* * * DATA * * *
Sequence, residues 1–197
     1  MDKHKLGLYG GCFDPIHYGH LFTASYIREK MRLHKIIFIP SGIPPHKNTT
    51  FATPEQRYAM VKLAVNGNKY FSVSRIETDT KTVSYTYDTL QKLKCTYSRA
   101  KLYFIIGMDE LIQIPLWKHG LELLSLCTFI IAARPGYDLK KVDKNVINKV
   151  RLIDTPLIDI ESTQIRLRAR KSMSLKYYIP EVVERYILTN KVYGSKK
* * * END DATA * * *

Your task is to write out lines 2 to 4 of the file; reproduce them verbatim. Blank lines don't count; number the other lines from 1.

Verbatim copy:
     1  MDKHKLGLYG GCFDPIHYGH LFTASYIREK MRLHKIIFIP SGIPPHKNTT
    51  FATPEQRYAM VKLAVNGNKY FSVSRIETDT KTVSYTYDTL QKLKCTYSRA
   101  KLYFIIGMDE LIQIPLWKHG LELLSLCTFI IAARPGYDLK KVDKNVINKV